The rest is memory

This exhibition brings together a series of works from my most recent work where you can see the motifs that have been recurrent in it: the figure and its disappearance, the light that reveals it and hides it, the light also as the only protagonist, and the suggested landscape.

The title is taken from a poem by Louise Glück entitled Nostos, or Return Home, which in its last part reads:

We look at the world once, in childhood.

The rest is memory.

I like these verses for the melancholic vision of memory they contain. A memory that circles and returns to the themes over and over again, circles around that center from which it interprets everything else.

My work, instead of advancing linearly to reach a goal, perseveres in making multiple registers and finding a thousand versions of the same thing. The series - if that is the normal format of work - seem not to want to close.

My own work process already starts from a constant activity of collecting images that I later play at cutting and combining as a previous phase to drawing.

In recent years I have been interested in making visible in some way this process of collage and repetition of themes, as occurs for example in the drawings of the series Archivo, 2023, which are present in this exhibition, where fragments of figures already used in other drawings can be seen on folded papers on the floor of my current studio.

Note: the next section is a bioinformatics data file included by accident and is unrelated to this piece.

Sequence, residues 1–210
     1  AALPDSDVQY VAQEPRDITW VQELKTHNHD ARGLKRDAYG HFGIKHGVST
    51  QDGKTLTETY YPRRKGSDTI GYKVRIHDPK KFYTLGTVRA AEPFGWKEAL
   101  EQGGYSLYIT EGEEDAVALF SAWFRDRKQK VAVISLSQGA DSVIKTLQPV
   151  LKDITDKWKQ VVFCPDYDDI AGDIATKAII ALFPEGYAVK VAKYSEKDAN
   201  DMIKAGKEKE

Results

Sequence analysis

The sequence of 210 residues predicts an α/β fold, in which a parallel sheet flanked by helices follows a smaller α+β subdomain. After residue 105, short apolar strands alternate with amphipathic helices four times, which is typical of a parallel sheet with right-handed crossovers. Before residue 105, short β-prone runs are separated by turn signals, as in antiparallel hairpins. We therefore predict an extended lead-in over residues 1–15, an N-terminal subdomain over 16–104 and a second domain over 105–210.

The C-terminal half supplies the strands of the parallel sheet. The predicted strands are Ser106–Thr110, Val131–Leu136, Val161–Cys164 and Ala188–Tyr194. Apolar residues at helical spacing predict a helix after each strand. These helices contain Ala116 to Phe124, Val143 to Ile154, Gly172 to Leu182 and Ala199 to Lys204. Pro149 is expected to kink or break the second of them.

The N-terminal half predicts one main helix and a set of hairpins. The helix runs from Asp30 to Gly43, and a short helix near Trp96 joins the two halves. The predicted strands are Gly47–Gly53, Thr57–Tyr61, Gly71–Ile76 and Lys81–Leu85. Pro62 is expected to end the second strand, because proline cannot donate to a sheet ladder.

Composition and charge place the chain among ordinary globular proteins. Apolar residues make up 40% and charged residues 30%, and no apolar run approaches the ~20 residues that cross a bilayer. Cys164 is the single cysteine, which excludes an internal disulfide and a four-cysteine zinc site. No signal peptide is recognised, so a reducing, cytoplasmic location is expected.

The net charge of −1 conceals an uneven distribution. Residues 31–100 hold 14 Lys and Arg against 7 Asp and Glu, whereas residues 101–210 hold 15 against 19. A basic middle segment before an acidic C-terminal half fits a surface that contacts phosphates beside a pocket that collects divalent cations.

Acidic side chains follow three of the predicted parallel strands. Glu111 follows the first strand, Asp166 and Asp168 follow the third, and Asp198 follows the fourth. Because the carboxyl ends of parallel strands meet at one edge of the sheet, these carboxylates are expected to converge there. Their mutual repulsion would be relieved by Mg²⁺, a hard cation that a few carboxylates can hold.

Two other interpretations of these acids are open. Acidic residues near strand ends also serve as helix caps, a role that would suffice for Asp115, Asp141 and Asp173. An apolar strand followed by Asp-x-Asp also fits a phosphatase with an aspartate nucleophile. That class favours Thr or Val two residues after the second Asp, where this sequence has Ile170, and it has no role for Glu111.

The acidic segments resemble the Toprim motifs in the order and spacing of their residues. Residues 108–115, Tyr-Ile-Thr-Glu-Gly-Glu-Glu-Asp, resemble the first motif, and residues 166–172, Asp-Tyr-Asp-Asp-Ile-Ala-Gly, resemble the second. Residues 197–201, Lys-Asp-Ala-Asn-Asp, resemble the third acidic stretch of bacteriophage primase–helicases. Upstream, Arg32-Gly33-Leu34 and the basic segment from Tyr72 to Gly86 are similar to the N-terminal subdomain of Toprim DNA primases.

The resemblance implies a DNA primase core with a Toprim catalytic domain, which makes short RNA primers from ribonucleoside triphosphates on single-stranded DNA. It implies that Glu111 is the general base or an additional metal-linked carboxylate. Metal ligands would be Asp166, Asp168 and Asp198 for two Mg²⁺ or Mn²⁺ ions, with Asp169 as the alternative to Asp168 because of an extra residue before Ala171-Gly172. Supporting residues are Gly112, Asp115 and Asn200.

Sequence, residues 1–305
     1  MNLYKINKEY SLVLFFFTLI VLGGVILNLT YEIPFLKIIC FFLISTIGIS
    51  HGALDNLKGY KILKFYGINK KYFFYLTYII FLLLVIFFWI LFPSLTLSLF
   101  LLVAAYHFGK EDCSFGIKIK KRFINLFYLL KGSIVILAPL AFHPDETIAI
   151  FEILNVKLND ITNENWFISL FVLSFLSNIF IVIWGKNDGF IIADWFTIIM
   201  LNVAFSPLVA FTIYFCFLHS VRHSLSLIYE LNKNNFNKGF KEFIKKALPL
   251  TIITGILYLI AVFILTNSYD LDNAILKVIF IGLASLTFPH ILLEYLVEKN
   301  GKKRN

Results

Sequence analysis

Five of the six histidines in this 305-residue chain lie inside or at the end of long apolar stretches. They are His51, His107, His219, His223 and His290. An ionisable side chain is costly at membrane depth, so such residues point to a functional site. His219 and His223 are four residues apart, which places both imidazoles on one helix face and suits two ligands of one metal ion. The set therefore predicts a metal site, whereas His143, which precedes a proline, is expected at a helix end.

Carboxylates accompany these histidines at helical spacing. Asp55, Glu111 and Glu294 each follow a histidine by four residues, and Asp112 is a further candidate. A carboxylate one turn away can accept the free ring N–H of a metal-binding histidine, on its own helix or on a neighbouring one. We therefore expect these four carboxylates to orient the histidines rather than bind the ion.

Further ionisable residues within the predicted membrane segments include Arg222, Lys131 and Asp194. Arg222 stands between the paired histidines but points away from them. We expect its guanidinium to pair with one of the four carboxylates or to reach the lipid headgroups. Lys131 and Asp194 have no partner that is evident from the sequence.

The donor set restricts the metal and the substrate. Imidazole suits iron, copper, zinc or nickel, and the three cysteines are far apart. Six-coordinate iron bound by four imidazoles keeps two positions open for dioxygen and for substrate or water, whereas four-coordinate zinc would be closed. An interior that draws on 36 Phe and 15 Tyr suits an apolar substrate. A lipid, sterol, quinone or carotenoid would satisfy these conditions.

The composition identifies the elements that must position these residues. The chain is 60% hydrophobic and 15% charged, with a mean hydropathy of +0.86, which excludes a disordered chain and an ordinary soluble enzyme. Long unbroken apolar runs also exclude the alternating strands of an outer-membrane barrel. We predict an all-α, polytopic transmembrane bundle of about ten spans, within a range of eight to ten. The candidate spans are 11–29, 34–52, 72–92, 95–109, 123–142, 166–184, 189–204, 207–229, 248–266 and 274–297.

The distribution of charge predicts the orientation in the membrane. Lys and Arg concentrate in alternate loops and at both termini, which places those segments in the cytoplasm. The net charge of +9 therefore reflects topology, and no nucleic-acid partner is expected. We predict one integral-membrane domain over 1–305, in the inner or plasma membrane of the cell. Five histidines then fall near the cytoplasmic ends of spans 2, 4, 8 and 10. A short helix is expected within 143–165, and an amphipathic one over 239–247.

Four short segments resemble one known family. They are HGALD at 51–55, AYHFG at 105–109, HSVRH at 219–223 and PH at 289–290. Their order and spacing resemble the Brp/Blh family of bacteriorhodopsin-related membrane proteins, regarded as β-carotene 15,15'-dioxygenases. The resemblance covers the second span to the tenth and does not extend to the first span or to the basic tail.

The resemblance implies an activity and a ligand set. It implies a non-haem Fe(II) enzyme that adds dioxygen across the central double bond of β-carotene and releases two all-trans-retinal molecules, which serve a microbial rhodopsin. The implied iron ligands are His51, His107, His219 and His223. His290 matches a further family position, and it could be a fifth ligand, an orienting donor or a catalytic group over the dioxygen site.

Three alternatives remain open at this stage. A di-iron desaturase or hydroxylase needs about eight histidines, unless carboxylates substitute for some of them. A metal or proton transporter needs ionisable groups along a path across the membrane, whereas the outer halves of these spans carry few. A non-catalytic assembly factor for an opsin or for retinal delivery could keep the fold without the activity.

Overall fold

And, more specifically, the phrase I have chosen for the title of this exhibition, The rest is memory, is a reference to the need to make use of memory when an image has so much that is unsaid, suggested.

The unsaid has a great power to trigger imagination and desire: absence makes memory creative, which is completed by the existence of what it has already seen - quotes, images, an alien existence.

I like to unbalance the compositions, to try to maintain the fragmentary character that was part of the composition. Many images are therefore cut at intermediate moments, like pauses that belong to longer times, where the figure is halfway to its disappearance or about to merge with space, and the latter is reduced to its minimum expression, almost like a geometric abstraction. They are like photograms - cinema has always been a great influence - of a story that is unfinished and insistent in its repetition.

Constructing memory from fragments suspends the images in time, giving them a sense of frozen infinity and deliberate silence.

Irene González